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When 8-year-old Dave Louizard arrived aboard the USNS Comfort not long after the January 12 earthquake, he brought with him a particularly wrenching personal story. Like many quake victims, Dave’s home was leveled on the day of the disaster, trapping him under rubble and killing his three-year-old brother Chichanchie. Most of Dave’s right arm and leg were amputated and his face was severely lacerated. His family was forced apart as his mother and another brother found shelter with friends in a town several hours away and his father, Louis-phanor Louizard, accompanied Dave to the Comfort.

As Dave endured the surgeries required for the amputations, skin grafts and the reconstruction of his nose, he never lost his smile and his father never left his side.

“My son tells me not to worry about him, but I do,” admits the soft-spoken man with never-ending patience. Louis keeps a passport-sized photo of Chichancie with him but cautions that he won’t bring it out while Dave is present because the boy can’t see it without crying. “It’s been hard to see Dave like this, but I always think about how much worse it would be if he was dead,” he says.

When Dave was discharged from the Comfort on February 23, he was sent to Saint Damien Hospital in Port-au-Prince, a 120-bed children’s hospital which has been receiving pediatric earthquake victims. Louis was able to join his son after a short period and the pair began to attend daily physical therapy sessions in which Dave is learning to walk again using leg prosthesis.

When 8-year-old Dave Louizard arrived aboard the USNS Comfort not long after the January 12 earthquake, he brought with him a particularly wrenching personal story. Like many quake victims, Dave’s home was leveled on the day of the disaster, trapping him under rubble and killing his three-year-old brother Chichanchie. Most of Dave’s right arm and leg were amputated and his face was severely lacerated. His family was forced apart as his mother and another brother found shelter with friends in a town several hours away and his father, Louis-phanor Louizard, accompanied Dave to the Comfort.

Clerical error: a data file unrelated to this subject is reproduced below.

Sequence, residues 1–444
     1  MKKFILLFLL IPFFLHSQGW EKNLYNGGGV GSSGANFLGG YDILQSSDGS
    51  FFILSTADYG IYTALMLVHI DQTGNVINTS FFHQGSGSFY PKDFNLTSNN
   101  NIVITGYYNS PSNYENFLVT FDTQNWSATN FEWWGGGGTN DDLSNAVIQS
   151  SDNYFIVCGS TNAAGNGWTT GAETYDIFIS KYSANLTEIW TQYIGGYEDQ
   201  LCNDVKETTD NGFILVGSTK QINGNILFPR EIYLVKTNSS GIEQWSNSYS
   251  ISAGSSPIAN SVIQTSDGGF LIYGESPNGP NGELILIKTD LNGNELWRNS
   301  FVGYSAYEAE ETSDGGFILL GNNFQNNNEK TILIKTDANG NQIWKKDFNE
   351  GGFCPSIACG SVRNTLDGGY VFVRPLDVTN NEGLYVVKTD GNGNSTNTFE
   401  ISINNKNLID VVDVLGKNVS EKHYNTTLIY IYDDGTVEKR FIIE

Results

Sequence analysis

As Dave endured the surgeries required for the amputations, skin grafts and the reconstruction of his nose, he never lost his smile and his father never left his side. “My son tells me not to worry about him, but I do,” admits the soft-spoken man with never-ending patience. Louis keeps a passport-sized photo of Chichancie with him but cautions that he won’t bring it out while Dave is present because the boy can’t see it without crying. “It’s been hard to see Dave like this, but I always think about how much worse it would be if he was dead,” he says.

When Dave was discharged from the Comfort on February 23, he was sent to Saint Damien Hospital in Port-au-Prince, a 120-bed children’s hospital which has been receiving pediatric earthquake victims. Louis was able to join his son after a short period and the pair began to attend daily physical therapy sessions in which Dave is learning to walk again using leg prosthesis.

“The first day he was at therapy without his dad and he was completely depressed,” says Norma Isabelle Lopez, the center’s head physical therapist, who has been working closely with Dave. She commends the close bond between father and son. “Handicapped people are rejected in Haiti. We have many parents who would rather just leave their children with us because they don’t have the resources and just don’t know what to do.”

 

 

 

 

 

 

She adds, “It’s one thing for a child to be born with a disability. But when your child has been fine and then suddenly is not, there is a grief process.”

At a recent therapy session Dave used a walker to move around a large open-ended shipping container being used as a temporary physical therapy room. His huge grin was intact as he even began kicking a soccer ball around with others.

Louis explains how his son, who had been right-handed, has already learned to write well with his left hand. “On the ship, Dave couldn’t do very much. Now, he makes me stop doing things for him because he wants to try to do them himself.”

“He’s more independent, which makes him more happy,” explains Lopez. “These kids are finally starting to live a normal child’s life again. They don’t lose that sense of joy.”

Louis says that he couldn’t be more happy with Dave’s progress, but he is adamant when asked how he feels about his son, “The bottom line is that I accept him however he is.”

Photos and story by HOPE volunteer and photojournalist, Allison Shelley

 

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